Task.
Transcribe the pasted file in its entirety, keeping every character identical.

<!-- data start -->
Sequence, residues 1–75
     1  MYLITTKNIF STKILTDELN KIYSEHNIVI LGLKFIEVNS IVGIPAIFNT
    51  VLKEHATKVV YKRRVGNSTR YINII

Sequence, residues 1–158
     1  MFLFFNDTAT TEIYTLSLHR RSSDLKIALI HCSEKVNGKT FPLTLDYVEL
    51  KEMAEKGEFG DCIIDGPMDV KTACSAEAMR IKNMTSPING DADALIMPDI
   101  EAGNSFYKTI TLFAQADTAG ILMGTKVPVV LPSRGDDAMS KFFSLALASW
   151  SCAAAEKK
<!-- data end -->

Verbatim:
Sequence, residues 1–75
     1  MYLITTKNIF STKILTDELN KIYSEHNIVI LGLKFIEVNS IVGIPAIFNT
    51  VLKEHATKVV YKRRVGNSTR YINII

Sequence, residues 1–158
     1  MFLFFNDTAT TEIYTLSLHR RSSDLKIALI HCSEKVNGKT FPLTLDYVEL
    51  KEMAEKGEFG DCIIDGPMDV KTACSAEAMR IKNMTSPING DADALIMPDI
   101  EAGNSFYKTI TLFAQADTAG ILMGTKVPVV LPSRGDDAMS KFFSLALASW
   151  SCAAAEKK